“In the middle of the journey of my life I found myself in a dark wood, and though I finally seem to have reached its far edge and started to make my way back into the light, one thing hasn’t changed: the people that I love keep dying on me. I noticed to my surprise a few years ago that most of my closest friends were now a good deal younger than I am. This is one of the gifts middle age gives us to compensate for that which it takes away, and I’m as grateful for it as I can be. Still, no gift, however generous, can possibly make up for the empty feeling with which we say farewell to the kindly men and women who once upon a time helped to show us what we were.” Terry Teachout
Terry Teachout died yesterday (January 13, 2022) at the age of 65. He was a gifted writer, author of books, and a drama critic for the Wall Street Journal.
He was a man who had the courage to face up to the fact that this life, like the plays he loved, has both a beginning and an end. The final words will be spoken, the curtain will come down, and the theater lights will be extinguished. And, because we have never seen this play before, we can never know when the final act will be performed.
Like Terry Teachout, I have realized that my closest friends are mostly younger than I am, and that many of the people I grew up with, people who were mentors or companions or family, are no longer living. There are even quite a few my own age, classmates from high school, for whom the last act played out sooner than any of us thought it would.
I’ve been wondering lately how much time I have left. And I have realized that the answer is likely “not very much.” I’m somewhere in that dark wood, which is a reference from Dante:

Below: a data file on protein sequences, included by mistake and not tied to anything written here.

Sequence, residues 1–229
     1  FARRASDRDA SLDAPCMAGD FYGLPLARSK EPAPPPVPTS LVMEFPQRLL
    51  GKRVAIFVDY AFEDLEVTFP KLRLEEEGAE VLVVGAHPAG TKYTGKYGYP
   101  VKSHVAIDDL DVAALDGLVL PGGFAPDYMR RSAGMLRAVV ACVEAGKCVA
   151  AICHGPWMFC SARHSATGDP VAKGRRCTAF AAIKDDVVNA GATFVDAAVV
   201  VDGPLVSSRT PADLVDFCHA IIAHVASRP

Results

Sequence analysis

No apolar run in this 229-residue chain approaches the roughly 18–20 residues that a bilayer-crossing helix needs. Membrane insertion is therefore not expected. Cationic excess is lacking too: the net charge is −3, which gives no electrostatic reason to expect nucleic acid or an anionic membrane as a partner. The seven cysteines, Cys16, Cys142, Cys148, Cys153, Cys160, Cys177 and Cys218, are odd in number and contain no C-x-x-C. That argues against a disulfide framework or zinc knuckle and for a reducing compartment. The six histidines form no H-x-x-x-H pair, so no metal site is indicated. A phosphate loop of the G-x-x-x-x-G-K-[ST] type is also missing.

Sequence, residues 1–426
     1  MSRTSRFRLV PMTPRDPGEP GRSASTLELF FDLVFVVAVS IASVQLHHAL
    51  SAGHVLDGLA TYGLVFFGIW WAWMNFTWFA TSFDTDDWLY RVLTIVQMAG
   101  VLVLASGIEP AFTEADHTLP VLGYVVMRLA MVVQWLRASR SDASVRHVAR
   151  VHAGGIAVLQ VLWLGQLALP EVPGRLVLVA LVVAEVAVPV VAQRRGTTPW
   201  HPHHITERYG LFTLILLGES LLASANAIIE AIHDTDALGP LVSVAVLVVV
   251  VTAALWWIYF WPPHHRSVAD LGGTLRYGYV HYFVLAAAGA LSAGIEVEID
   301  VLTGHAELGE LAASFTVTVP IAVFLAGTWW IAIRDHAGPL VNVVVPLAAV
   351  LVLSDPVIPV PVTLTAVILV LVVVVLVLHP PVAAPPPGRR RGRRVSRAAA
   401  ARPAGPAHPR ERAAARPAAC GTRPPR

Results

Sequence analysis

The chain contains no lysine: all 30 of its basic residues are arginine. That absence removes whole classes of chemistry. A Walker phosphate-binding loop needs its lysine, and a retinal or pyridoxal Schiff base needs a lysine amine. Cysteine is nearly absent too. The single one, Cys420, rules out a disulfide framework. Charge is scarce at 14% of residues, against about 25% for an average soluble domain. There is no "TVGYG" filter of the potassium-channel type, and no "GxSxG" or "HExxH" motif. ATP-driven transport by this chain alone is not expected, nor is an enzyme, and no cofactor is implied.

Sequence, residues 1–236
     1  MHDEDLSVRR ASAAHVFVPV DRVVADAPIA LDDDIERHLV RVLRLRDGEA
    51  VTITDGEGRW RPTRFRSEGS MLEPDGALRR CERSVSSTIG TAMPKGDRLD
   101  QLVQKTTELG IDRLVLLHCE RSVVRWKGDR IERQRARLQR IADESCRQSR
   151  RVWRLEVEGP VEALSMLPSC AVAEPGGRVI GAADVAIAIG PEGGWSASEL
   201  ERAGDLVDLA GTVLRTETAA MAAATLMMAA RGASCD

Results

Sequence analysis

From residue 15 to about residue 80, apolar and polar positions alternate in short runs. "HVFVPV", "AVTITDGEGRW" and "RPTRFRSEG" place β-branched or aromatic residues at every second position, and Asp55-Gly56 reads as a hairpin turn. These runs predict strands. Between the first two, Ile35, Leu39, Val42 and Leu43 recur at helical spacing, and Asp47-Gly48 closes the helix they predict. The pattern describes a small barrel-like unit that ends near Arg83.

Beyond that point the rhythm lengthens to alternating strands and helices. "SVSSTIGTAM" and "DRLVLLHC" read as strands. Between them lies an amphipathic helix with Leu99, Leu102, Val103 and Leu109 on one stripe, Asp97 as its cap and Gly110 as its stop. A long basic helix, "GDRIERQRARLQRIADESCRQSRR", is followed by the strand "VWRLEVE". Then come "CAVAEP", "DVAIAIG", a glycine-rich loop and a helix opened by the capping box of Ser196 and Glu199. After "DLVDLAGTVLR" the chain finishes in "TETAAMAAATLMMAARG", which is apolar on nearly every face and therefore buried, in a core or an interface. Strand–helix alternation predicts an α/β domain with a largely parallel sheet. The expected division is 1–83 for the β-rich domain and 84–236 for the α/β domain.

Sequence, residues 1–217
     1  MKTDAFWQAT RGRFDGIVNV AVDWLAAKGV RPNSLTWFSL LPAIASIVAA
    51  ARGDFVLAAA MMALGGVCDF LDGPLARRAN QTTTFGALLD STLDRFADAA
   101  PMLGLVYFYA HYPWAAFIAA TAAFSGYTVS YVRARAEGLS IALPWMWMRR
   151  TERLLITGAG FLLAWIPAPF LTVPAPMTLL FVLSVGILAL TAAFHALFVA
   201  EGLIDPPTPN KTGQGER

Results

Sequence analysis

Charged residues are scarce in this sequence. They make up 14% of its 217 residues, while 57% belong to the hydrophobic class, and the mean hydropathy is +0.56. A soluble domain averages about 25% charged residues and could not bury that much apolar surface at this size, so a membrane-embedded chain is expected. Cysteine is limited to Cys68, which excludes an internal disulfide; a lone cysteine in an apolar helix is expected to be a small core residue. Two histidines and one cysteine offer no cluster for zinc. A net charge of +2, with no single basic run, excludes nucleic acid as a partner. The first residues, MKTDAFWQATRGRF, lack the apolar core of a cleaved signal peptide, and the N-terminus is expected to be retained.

“In the middle of the journey of our life/I found myself in a dark wood,/for the straight way was lost.”
I’ve never been frightened by the woods and I don’t believe I’m frightened of dying. Rather, I’ve developed a sense of urgency, maybe a lack of patience with the normal pace of daily life. The clock seems to be ticking loudly in my head and I want to be sure to get things finished, and finished well, before the curtain closes. I haven’t created a “bucket list”; that seems too self-centered, too trite somehow. Instead, I’ve been talking to God a lot more and asking questions, like: what should I be doing with the time I have left?
“O Lord, you alone are my hope. I’ve trusted you, O LORD, from childhood. Yes, you have been with me from birth; from my mother’s womb you have cared for me. No wonder I am always praising you! My life is an example to many, because you have been my strength and protection. That is why I can never stop praising you; I declare your glory all day long. … Now that I am old and gray, do not abandon me, O God. Let me proclaim your power to this new generation, your mighty miracles to all who come after me. Your righteousness, O God, reaches to the highest heavens. You have done such wonderful things. Who can compare with you, O God?” – Psalm 71:5-8, 18-19 (NLT)
I’m in this play because God cast me. I’m doing my best to follow his direction, to read his lines, because I want to be part of the great dramatic pageant that he has created. And now that I’m old and gray, I want to continue to play my part well, to use the gifts and blessings that he has given me to his praise and glory. To proclaim him to the generations that will follow me. To honor him with whatever is left of my breath and life. To enjoy, truly enjoy, being on this stage with so many wonderfully talented men and women.
And yet, I’m definitely hiking through a very dark forest with no idea what might be ahead. And that’s okay.
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